Implicit bias is a psychological term that attempts to describe the unconscious prejudices and stereotypes that we form without conscious awareness. It is human nature to have these unknown biases, whether we want to admit it or not.
Many family lawyers would vehemently argue that they are not biased in any way, but they would be wrong.
Biases are formed through our education, experience, culture, and history. It is generally recognized that our minds form biases based on unconscious associations over time, either intentionally or unintentionally. Ironically, the more intelligent you are, the higher the likelihood that you have implicit bias.
Various studies have identified implicit bias in the legal world as it relates to:
- Hiring, promotion, pay, and responsibilities as these concepts are affected by gender, race, religion, appearance, age, disability, and sexual orientation,
- Jury selection,
- Client representation, and
Our minds are like icebergs: our conscious awareness [is] the 10% above the surface of the water, and our unconscious [is] the 90% of the iceberg beneath the surface.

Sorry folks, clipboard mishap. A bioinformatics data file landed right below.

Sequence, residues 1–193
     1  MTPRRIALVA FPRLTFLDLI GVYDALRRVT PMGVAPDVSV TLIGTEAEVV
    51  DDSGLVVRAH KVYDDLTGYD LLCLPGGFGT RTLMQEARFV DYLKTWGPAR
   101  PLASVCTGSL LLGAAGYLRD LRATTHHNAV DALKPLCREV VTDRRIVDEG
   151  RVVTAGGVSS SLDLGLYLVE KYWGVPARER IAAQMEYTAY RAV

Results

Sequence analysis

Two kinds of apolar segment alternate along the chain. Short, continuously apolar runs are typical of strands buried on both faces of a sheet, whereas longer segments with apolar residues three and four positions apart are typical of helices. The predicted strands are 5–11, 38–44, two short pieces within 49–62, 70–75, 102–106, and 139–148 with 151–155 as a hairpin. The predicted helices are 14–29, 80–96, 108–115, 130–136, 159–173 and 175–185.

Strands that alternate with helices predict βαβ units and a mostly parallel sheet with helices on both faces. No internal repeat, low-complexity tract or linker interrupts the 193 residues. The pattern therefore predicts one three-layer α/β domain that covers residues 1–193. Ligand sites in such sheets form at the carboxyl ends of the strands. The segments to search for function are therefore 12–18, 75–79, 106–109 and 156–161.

Science explains that our minds are like icebergs, with our conscious awareness represented by the 10% of the iceberg above the surface of the water, and our unconscious represented by the 90% of the iceberg beneath the surface of the water. We are not aware of the 90% of our mind that is unconscious (by definition).
There is a test available online known as the Implicit Association Test (IAT), which was developed by psychologist Tony Greenwald, Ph.D., that has torn the cover off implicit bias. It demonstrates that our concepts of “good/bad”, “right/wrong” and “like/dislike” are the result of implicit bias and no one is free from bias.
As we become more and more familiar with the fact that a large part of our minds is unknown to us, we become more aware of the indirect effects of our unconscious on our conscious minds.